New Year Traditions Around the World
Although New Year celebrations may differ from country to country, the celebration of a new year and the hope it brings is a universal theme.
BBC Symphony, Chorus and Singers - Auld Lange Syne
Singing Auld Lang Syne
The singing of Auld Lang Syne as the clock strikes midnight is an old custom in Britain and has become popular in many parts of the world. Originally a Scottish tradition, the song was written down in the eighteenth century by the Scottish poet Robert Burns and literally translated means old long ago or days gone by. The song Is also used in various other events such as funerals or passing out parades of the military.
Many English speaking counties continue the custom of singing this song, on the stroke of midnight people link arms to make a circle and sing Auld Lang Syne as a way to welcome in the New Year and say goodbye to the old.
Mistletoe and Kissing
Both Mistletoe and kissing have a role in many New Year celebrations. Kissing under the mistletoe is a tradition practiced throughout the Christmas period, and in America it is a tradition to share a kiss at midnight at New Year. According to German folklore the first person you encounter in a new year sets the tone for the rest of the year. So kissing a loved one or even a stranger begins the New Year on a positive note. This has evolved into the custom of kissing someone as the clock strikes midnight to mark the New Year.
In Ireland it is traditionally thought lucky for single women to place mistletoe leaves under their pillow on New Year’s Eve. It will bring love in the coming year. For those in love it would bring marriage.
Wearing Polka Dots
In the Philippines they believe that round things are a sign of success. During the New Year celebrations they eat grapes, jingle coins in their pockets, and wear polka dots on their clothes. The throwing of coins as the clock strikes is also a common practice.
In Denmark a tradition to bring good luck is carried out on New Year’s Eve. Throughout the year old plates and dishes are collected and on New Year’s Eve they throw dishes at their neighbor’s door to wish them good luck. The home with the biggest pile of broken dishes will have the greatest luck in the coming year and is shown to have many friends.
New York Ball Drop
In New York City at 11.59pm on December 31st a ball is dropped and the count down to the New Year begins. The tradition dates back to the beginning of the twentieth century, in 1904 a New Years Eve celebration was held in the city including fireworks as the finale. In 1907 the first ball was dropped and ever year since, except for wartime blackouts the event has occurred.
The ball falls 141 feet in 60 seconds down a specially designed flagpole to signal the start of the New Year. Over one million people attend the ball drop annually and it televised nationally and internationally. There are similar drop events across the US, usually with an object of local significance.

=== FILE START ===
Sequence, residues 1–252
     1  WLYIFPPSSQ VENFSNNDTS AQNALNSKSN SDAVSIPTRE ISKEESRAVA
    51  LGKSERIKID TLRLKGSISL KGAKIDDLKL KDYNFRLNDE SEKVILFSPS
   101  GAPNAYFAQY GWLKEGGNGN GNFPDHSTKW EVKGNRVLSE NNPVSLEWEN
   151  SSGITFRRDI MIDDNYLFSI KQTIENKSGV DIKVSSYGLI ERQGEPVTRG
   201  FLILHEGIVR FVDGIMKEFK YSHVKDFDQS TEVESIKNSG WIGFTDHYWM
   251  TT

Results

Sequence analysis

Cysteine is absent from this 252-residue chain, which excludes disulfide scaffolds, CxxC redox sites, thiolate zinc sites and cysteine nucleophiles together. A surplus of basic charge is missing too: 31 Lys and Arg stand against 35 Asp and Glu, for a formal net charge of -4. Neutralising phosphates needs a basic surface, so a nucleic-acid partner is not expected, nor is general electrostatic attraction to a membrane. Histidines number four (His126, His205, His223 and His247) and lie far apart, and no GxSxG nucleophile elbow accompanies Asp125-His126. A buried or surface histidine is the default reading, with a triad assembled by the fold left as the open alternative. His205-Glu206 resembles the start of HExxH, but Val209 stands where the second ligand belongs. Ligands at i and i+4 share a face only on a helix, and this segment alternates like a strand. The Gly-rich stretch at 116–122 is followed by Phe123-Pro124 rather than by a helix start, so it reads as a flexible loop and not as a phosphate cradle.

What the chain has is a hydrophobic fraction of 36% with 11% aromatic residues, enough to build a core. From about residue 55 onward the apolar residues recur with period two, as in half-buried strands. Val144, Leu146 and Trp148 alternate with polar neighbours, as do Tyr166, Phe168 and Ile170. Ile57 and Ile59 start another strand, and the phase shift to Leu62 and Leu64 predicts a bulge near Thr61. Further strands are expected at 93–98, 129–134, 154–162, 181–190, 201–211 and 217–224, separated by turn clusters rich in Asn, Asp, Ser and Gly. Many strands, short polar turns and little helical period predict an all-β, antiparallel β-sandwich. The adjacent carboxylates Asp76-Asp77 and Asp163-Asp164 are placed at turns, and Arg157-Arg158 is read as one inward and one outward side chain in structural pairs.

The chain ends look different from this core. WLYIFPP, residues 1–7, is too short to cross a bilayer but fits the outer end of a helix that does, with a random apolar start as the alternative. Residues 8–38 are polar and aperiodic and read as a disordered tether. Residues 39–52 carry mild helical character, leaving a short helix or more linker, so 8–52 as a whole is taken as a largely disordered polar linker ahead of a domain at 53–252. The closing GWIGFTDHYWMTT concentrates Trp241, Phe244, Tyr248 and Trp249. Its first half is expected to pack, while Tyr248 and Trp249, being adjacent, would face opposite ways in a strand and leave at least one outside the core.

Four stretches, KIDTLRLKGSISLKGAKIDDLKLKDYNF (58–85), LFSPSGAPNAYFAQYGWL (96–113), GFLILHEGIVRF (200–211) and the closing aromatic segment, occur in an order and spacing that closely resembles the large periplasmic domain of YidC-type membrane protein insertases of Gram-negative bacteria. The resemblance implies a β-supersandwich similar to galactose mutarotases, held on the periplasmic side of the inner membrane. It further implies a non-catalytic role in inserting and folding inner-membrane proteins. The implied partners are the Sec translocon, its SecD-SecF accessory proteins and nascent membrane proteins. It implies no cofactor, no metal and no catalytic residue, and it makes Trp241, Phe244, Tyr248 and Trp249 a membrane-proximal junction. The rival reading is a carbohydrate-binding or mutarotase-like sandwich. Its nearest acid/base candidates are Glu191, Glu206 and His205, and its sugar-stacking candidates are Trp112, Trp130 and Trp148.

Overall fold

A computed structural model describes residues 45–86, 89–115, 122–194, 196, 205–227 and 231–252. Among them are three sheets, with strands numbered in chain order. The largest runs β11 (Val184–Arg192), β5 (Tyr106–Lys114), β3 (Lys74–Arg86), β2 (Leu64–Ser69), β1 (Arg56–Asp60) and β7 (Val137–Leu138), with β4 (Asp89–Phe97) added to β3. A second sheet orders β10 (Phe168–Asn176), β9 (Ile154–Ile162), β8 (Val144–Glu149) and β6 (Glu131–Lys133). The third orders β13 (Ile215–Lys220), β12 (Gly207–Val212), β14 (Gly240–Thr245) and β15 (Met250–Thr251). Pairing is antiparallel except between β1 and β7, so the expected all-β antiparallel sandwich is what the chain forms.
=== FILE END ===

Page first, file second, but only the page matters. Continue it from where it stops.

Other Drops in the US
A Sate and Federal licence is required to capture and handle the possum
A carp is lowered onto a throne, followed by a frework display.
The culmination of a carnival is a 800lb fiberglass peach and fireworks.
Good Luck Traditions
Greece - a special bread is baked with a coin inside. The first slice is offered to God, the second to the wage earner of the house and the third for the house itself. The winner of the slice with a coin will be blessed with good luck.
Wales - at the first stroke of midnight the back door of the house is opened and them closed. At the 12th stroke the door is reopened to welcome in the New Year for good luck and prosperity.
Japan - the house is decorated to welcome luck and good fortune. The house is cleaned, all issues are resolved and all financial commitments resolved so that the New Year starts on a positive note.
The Netherlands - Christmas trees are burnt on bonfires on New Years Eve to purge the old and welcome the New Year.
Ecuador - People burn paper scarecrow's to symbolize getting rid of all that is old.
Scotland - Barrels of tar are set alight and rolled down the streets, this symbolizes burning away the old year and making way for the new.
Fireball in Scotland
Fireworks have become a central part of New Year celebrations all over the world. In China, the country that invented fireworks they are used to scare off evil spirits and misfortune.
Fireworks over Sydney Harbour on New Year's Eve 2006–07.
How to Say New Year
Kul'aam u antum salimoun
Chu Shen Tan
Gullukkig Niuw Jaar
Eftecheezmaenos o Kaenooryos hronos
Szczesliwego Nowego Roku
S Novim Godom
Most New Year traditions are a celebration of the year gone by and a welcome to the New Year about to start.